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Sunday, February 3, 2002

The Super Bowl is known for its excesses, more than for the quality of the competition. This one today in New Orleans had all the overwrought emotion that's been building up in this country since last September, but it also had enough thrills and excitement to divert us from that same emotional sledgehammer that's been part of our national psyche for the last few months. Usually we look to the commercials for that kind of diversion, but this year they were far overshadowed by the game itself (love those Clydesdales, though).

I have to confess that when I looked at the clock and saw it was time for the game to start, I groaned aloud before putting down my book, walking down the stairs, and turning on the TV. At first, I resented the game for taking me away from something I'd rather be doing. I turned it off at halftime, saving U2, Terry Bradshaw and Paul McCartney for later. I almost finished my book before trotting downstairs faithfully to catch the second half, but by then it was getting too dark to read anyway.

The second half, and especially the fourth quarter, made this one of the most memorable Super Bowls ever. Both teams put forth heroic efforts to make a game of it. The Rams came from 14 points down in the last ten minutes, something no other team had ever done, to tie it. The Patriots then went downfield, against all conventional wisdom, with less than two minutes to go, to set up the winning field goal at the final gun.

By all rights, they should have run out the clock and hoped for the best in overtime. Only bad things can happen if you try to do too much, right? Well, I guess it depends a little bit on your talent and determination, and a little more on your luck. The Patriots had everything going for them at the end of the game, and it brought them a Super Bowl championship.

Who says you can't learn lessons from sports? Why do art and literature have an exclusive on all life's great messages? We can be reminded of our values by watching a game played under a set of rules that allow for a team that seems hopelessly behind to fight its way back into a position to win. We can admire and respect and take heart from a coach who allows his players to risk losing in pursuit of a victory most experts didn't think they could achieve. How an athlete responds to difficulties, how he faces impossible odds, illuminates his character and reflects our own abilities to draw strength from within in difficult circumstances.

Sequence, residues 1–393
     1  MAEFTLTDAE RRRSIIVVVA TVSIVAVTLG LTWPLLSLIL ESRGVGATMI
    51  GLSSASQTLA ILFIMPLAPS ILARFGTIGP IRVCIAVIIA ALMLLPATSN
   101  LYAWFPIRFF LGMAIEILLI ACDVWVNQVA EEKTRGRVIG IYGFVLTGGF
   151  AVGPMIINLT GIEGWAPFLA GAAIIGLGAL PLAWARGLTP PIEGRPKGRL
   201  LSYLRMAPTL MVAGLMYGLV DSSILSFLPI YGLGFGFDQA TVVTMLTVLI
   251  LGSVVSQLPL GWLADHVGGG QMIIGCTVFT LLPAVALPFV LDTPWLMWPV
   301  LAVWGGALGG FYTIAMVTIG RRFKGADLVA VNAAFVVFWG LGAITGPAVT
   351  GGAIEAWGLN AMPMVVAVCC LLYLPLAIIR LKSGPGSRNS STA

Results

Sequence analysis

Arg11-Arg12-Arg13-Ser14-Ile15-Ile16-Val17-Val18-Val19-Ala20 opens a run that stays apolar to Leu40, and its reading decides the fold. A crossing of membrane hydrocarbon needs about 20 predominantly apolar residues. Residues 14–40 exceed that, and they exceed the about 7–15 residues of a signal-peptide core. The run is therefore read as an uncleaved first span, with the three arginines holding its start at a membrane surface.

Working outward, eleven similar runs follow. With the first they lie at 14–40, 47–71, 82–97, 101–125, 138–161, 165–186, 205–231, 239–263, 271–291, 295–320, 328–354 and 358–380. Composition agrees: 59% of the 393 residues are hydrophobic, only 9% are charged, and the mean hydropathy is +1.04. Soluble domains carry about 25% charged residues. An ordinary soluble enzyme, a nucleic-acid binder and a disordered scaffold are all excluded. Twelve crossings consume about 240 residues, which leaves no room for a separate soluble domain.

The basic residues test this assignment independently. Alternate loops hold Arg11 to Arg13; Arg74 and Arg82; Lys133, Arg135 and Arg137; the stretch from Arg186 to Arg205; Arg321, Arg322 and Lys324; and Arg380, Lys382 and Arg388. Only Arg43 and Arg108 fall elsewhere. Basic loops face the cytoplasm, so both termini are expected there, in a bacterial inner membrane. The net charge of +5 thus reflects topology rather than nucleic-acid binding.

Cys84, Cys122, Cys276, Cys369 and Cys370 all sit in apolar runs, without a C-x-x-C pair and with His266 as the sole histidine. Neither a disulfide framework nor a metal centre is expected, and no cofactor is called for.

If you're thinking I couldn't enjoy the game just because the team I picked lost, that would be a mistake. I know it's an American trait to cheer for the underdog, but in general, unless one of my teams is playing, I like to see the better team win. In this one, I appreciated the way the Patriots took over the game by playing tough defense and taking advantage of the Rams' mistakes. The only teams I thought were capable of beating the Rams were those with great defenses, and I don't think the Pats fell into that category, until this game. I'm not sorry I was wrong about the outcome, and I certainly wasn't the only genius who was.

It's just that now I have to ship some fresh artichokes to Texas. And I don't get any barbecue, until I come up with a bet that I can win.

house and garden

Looking through the garden toward my front door.

So maybe it was a little hokey, the Patriots' requesting to be introduced as a team rather than individually, but there's a lot that's hokey about the ritual of any football game. It's only amplified to the nth degree in the spotlight of the Super Bowl. In this era when America is still recovering from a shock to its rather sizable ego, the team with the red, white and blue uniforms, the one with stars and stripes on their helmets, defied the odds for the third week in a row and won the most patriotic Super Bowl in history. It means nothing in the grand scheme, but somehow it seemed appropriate.

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Bev, Funny the World, February 4, The Wedding

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One year ago: Down for the Count
"There was a lot of bowing and hand shaking, all quite civilized."

Two years ago: Trash Collector
"I don't think I need therapy, just a little motivation and a big truck."

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And the first one said to the second one there, "I hope you're having fun."